Sniping on eBay

I didn’t write this, but saw it written on a public forum. I thought it was such a succinct explanation that it was worth preserving.


Item X is for sale in an eBay auction. The item is currently up at £10. Fred is the highest bidder. Fred has bid £20, but eBay hasn’t disclosed that amount yet.

You decide that the maximum you want to pay is £50….

Scenario 1
You bid £50 in the closing seconds. eBay sets the highest current bid at £21 (£1 more than Fred’s bid).
Fred does not have a chance to reconsider his bid. You win the item for £21.

Scenario 2
You bid £50 with several days left to go. eBay sets the highest current bid at £21.
Fred notices this, sucks air through his teeth and decides that perhaps he *could* go to £30 after all.
Fred bids £30. eBay automatically sets current amount to £31 (again £1 more than Fred’s highest bid).
You are still the highest bidder.
Fred is annoyed and bids £35. eBay sets the current amount to £36. Fred gives up and goes back to looking for internet porn.
The auction ends, you win the item for £36.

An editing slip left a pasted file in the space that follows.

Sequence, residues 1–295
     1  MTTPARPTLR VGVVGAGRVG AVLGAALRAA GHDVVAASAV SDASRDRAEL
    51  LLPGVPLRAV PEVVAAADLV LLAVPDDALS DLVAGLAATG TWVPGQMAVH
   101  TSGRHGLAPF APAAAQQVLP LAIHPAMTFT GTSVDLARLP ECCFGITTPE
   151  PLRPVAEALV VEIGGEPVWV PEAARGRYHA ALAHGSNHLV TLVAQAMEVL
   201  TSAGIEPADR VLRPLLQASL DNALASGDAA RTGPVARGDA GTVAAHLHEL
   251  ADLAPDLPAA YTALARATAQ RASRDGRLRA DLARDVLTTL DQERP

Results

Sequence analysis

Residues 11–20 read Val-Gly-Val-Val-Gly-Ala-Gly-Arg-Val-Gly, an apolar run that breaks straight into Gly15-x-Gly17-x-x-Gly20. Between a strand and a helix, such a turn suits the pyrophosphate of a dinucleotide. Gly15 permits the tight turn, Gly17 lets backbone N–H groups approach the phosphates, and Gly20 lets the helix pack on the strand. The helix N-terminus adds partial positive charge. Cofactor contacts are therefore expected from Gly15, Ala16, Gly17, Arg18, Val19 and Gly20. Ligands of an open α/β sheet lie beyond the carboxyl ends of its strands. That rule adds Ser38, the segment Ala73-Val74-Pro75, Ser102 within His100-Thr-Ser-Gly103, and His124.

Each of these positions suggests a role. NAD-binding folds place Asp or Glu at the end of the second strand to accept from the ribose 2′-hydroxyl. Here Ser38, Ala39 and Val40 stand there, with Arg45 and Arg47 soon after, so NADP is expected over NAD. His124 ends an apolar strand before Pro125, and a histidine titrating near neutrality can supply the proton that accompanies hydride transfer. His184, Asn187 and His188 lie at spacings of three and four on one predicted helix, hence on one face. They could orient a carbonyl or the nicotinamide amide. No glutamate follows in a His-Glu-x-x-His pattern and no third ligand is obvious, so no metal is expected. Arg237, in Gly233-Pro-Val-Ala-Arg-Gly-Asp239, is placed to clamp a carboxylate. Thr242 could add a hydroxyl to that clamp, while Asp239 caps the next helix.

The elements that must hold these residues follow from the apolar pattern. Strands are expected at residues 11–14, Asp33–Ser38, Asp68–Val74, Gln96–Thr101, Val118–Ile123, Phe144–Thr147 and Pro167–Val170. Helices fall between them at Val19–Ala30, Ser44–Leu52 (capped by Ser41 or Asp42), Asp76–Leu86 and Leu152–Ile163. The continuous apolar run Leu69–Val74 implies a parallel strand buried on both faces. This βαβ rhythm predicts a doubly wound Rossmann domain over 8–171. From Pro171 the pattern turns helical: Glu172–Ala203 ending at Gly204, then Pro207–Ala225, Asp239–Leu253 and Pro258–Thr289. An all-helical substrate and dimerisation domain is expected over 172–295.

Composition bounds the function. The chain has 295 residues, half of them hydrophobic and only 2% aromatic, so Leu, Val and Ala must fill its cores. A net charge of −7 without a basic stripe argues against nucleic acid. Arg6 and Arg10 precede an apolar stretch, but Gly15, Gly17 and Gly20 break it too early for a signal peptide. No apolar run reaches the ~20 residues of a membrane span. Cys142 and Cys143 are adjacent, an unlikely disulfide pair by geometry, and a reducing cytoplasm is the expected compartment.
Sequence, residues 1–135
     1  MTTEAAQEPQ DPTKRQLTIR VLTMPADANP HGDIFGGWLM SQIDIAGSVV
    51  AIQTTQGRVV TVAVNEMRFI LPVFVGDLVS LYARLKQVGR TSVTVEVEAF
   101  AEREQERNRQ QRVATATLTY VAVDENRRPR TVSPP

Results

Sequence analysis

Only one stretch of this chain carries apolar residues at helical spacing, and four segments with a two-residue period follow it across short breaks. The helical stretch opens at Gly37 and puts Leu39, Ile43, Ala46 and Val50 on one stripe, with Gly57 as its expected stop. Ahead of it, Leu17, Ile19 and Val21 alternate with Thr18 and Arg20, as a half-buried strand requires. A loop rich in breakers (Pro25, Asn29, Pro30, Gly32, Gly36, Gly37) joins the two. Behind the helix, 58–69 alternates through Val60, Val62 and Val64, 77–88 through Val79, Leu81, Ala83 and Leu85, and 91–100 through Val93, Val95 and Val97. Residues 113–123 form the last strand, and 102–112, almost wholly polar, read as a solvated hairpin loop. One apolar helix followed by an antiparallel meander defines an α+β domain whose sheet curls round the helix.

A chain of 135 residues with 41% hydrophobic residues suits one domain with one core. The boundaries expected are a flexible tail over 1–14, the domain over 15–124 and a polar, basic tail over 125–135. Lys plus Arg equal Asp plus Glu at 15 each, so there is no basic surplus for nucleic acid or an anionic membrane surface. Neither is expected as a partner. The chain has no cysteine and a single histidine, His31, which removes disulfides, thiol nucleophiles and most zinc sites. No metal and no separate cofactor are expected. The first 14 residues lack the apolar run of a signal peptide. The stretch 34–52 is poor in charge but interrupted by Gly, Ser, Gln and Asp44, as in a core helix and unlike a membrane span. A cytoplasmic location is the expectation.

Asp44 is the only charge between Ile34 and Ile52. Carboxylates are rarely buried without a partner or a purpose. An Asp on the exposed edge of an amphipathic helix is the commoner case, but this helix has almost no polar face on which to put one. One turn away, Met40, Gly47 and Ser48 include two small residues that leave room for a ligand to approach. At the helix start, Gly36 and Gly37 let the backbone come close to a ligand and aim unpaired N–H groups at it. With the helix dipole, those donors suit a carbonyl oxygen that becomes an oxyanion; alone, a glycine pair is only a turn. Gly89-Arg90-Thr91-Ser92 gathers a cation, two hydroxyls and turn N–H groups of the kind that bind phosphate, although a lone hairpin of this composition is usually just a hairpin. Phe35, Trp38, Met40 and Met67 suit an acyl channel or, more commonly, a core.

Scenario 3
You bid £50 with several days left to go. eBay sets the highest current bid at £21.
The auction owner notices your bid and shill bids against you. He reveals your highest bid amount by bidding more than you. He then cancels his bid and bids again at £49, which is £1 less than your maximum.
The auction ends, you win the item for £50.

In all cases, you’ve won. In all cases you’ve not paid more than your maximum. In two of the three cases, you’ve acted foolishly and have been parted from more money than you need have been.

About DataHamster

The Data Hamster stores facts and information in its capacious cheek pouches and regurgitates them from time to time.

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